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The Declaration of Independence: America’s Essential Document

Declaration of Independence
We limited government constitutional conservatives make adherence to the Constitution, and its perceived limits on the power of the State, our political credo – and the test of whether or not candidates merit our support, and public policy and legislation are legitimate exercises of the powers of government.

However, as we saw this past week, the Constitution is a document open to the interpretation of nine Justices of the United States Supreme Court, who as public and political figures, are fallible and subject to the pressures, passions, opinions and whims that afflict all mortals.

The Supreme Court can, and often does, inject meaning into the Constitution that would astonish the Framers of that document.

But what about the Declaration of Independence?

The Declaration is not a body of law, but a statement of belief, and as such has not been subject to the revisionism and political manipulation that have afflicted the interpretation of the Constitution.

As a statement of belief it remains the unchanged credo underlying the Constitution and indeed the entire character of American civilization.

It is from the Declaration of Independence, not the Constitution, that we Americans take the notion that each individual is “endowed by their Creator with certain unalienable Rights” and that governments derive “their just powers from the consent of the governed.”

And perhaps most importantly, that “whenever any Form of Government becomes destructive of these ends, it is the Right of the People to alter or to abolish it, and to institute new Government, laying its foundation on such principles and organizing its powers in such form, as to them shall seem most likely to effect their Safety and Happiness.”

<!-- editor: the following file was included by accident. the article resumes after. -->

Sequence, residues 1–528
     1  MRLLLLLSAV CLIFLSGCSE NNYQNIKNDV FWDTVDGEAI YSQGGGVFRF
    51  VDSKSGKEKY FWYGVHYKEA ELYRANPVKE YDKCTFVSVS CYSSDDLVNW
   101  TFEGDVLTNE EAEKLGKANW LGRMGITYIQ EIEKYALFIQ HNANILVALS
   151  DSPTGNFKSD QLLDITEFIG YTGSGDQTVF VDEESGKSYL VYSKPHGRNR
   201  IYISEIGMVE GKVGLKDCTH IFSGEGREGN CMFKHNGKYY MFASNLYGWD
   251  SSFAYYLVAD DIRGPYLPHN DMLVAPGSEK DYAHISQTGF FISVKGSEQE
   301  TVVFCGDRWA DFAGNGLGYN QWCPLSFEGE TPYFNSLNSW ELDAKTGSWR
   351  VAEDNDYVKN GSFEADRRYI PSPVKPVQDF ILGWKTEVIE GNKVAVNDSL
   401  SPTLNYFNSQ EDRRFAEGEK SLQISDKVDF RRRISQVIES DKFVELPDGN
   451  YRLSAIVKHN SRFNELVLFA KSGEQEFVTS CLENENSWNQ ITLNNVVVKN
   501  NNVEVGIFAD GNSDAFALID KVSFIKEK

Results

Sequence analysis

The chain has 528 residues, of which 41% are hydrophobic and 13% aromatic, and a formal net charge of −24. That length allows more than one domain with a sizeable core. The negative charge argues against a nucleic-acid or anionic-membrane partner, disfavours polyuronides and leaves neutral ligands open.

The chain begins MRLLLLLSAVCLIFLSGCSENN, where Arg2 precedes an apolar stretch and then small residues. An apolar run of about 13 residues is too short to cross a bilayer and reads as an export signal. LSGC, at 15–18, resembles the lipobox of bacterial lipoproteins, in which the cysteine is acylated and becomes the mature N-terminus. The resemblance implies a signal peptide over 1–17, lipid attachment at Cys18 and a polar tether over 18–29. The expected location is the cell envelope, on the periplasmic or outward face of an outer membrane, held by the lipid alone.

It is safe to say that no other nation recognizes in its foundational document the right of rebellion and the right of the people to alter or abolish their government if it becomes destructive to the “unalienable Rights” of the people. 

Thus, it is from that statement in the Declaration of Independence, not the Constitution, that we Americans derive our revolutionary spirit, and upon which American exceptionalism rests.

Today, more than at any time since the Civil War, Americans are asking that fundamental question addressed by the Declaration of Independence: “Has our present form of government become destructive to ‘Life, Liberty and the pursuit of Happiness’ and is it time to alter it?”

Our revolutionary forefathers fought for more or less seven years to effectuate the Declaration of Independence. To alter or abolish the vast bureaucracy of today’s secular welfare state we do not need to undertake such a dramatic revolution. 

What we need to do today is to review the bill of particulars in the Declaration of independence, ask ourselves how many could be applied to day’s secular welfare state, and then rally our family, friends and neighbors to nominate and elect candidates who will campaign with our ancestors’ revolutionary fervor to defend our rights against an overweening and arrogant government.

Read The Declaration of independence here

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